- Associated Press - Wednesday, March 25, 2015

ALBANY, N.Y. (AP) - The Cuomo administration is fighting an attempt by a legal services group with federal oversight responsibility to obtain complete investigative reports about alleged abuse of the disabled and mentally ill in state care.

The state Justice Center for the Protection of People with Special Needs says it can only disclose completed reports after removing the names of staff accused of abuse or neglect, people who filed the complaints, witnesses and clinical records.

The Cuomo administration, which established the center in 2013 in response to ongoing abuse issues, has asked U.S. District Judge Gary Sharpe to dismiss the lawsuit filed by Disability Rights New York. A hearing is scheduled April 16.

Disability Rights is seeking information withheld in four cases. In one, a mentally ill state inmate died. The others involve allegations that a mentally ill person in a state residence was abused by staff; a juvenile in state detention was abused and neglected; and a disabled individual in a state facility was injured by abusive staff.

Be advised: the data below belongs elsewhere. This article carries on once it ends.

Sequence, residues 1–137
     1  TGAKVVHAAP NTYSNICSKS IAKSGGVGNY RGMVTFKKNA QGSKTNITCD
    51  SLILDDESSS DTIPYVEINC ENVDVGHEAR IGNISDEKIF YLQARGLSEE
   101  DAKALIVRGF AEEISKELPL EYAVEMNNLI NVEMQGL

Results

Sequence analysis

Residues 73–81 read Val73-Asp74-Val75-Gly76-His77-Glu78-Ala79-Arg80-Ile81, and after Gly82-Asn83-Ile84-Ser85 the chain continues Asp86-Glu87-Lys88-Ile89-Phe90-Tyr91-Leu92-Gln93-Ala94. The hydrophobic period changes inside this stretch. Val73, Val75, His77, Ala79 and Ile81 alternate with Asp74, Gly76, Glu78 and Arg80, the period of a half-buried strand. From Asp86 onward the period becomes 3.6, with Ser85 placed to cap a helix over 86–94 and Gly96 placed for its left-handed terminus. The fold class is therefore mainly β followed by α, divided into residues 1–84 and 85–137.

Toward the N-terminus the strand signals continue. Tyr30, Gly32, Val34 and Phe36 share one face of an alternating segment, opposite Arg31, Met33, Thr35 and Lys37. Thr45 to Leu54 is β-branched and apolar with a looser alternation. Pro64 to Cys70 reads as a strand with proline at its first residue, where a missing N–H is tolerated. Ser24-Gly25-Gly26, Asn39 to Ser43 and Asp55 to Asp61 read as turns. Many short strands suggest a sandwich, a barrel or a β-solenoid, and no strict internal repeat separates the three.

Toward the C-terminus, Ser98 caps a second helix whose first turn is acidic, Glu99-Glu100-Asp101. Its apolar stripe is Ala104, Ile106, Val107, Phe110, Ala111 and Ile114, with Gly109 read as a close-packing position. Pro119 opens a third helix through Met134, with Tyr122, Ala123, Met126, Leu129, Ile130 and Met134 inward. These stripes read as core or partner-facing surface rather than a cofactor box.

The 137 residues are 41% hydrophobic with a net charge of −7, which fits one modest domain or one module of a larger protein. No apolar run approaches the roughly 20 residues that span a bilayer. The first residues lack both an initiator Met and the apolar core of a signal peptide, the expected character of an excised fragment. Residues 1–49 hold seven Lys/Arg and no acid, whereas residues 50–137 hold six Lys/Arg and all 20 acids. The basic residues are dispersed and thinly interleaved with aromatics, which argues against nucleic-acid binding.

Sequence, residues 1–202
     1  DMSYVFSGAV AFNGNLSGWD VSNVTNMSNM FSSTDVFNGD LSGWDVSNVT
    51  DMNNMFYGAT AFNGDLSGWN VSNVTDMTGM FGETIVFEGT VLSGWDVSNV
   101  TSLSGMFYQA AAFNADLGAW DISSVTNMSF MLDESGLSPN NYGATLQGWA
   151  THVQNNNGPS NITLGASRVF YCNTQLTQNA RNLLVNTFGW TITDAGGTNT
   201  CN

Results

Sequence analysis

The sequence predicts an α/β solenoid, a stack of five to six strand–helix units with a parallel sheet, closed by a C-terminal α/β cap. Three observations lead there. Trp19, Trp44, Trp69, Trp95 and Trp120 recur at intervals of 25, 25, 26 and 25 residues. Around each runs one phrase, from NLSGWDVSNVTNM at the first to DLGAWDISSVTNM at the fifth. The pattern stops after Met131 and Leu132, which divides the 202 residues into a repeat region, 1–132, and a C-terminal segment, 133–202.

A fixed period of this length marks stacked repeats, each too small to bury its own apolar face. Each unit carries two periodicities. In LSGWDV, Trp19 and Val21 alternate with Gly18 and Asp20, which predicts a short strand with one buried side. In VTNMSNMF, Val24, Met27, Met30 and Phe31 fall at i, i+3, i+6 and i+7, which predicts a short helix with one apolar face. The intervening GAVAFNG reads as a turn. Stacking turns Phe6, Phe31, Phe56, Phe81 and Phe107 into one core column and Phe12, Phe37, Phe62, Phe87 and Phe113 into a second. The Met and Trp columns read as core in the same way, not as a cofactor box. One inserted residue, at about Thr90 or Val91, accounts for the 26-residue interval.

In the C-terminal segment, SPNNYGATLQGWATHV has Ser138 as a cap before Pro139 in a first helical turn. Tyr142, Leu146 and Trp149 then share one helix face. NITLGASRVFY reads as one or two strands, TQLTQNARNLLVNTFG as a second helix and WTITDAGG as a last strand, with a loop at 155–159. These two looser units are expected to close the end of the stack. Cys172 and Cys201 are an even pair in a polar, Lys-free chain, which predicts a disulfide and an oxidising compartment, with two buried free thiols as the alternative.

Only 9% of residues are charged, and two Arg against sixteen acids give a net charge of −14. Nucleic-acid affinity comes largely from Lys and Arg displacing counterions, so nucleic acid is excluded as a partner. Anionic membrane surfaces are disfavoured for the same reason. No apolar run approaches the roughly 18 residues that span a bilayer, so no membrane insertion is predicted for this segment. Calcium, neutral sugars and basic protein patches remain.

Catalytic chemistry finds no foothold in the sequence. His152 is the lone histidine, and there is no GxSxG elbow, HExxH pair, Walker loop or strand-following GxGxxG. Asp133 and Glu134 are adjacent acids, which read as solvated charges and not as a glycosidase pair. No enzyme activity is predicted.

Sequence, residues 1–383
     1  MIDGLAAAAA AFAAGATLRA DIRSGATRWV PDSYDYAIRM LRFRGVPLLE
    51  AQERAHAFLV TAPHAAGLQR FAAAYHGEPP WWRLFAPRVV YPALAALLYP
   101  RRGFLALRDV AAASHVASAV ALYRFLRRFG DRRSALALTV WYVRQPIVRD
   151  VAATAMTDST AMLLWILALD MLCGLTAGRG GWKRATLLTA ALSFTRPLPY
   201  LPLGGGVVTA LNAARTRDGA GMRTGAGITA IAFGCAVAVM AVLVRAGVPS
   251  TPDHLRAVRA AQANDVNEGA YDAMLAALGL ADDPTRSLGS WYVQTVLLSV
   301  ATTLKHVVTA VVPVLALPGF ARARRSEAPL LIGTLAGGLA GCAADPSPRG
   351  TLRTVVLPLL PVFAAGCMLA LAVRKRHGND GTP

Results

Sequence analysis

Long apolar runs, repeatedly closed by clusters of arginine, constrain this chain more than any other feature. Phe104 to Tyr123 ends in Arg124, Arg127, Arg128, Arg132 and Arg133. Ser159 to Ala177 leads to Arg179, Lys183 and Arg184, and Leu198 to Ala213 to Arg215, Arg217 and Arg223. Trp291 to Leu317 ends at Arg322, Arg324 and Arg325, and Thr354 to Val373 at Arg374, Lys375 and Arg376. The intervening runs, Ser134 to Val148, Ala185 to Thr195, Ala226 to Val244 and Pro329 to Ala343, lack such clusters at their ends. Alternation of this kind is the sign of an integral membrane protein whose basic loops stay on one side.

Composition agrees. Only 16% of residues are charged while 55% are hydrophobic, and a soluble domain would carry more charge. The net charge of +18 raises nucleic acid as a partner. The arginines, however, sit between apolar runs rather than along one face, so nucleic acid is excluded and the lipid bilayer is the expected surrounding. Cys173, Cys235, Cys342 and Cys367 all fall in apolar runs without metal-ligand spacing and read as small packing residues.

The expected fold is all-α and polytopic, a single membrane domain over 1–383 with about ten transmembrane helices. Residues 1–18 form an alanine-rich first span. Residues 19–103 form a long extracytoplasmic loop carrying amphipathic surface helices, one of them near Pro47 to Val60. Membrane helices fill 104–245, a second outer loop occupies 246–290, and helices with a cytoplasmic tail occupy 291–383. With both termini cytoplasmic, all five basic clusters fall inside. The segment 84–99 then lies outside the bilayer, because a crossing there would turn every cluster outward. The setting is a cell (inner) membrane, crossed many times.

Disability Rights says in court filings that the center’s failure to comply with its records requests interferes with its federal mandate to protect people with disabilities in New York, investigate abuse allegations and determine whether the Justice Center’s investigations “were fully and independently conducted.”

In response, state lawyers say the federal statutes allow Disability Rights to get records directly from and to enter the facilities that provide the care when the group has permission from the covered individual or that person’s guardian or when it has probable cause to believe there’s been mistreatment.

Otherwise, the group’s access to records of investigative agencies “is restricted to prepared reports of investigations that describe the allegations and steps taken to investigate them,” the state’s lawyers say.

The center, with oversight of six state agencies and their contractors, reported receiving more than 15,000 reports of abuse and neglect last year and substantiating 4,056 of them.

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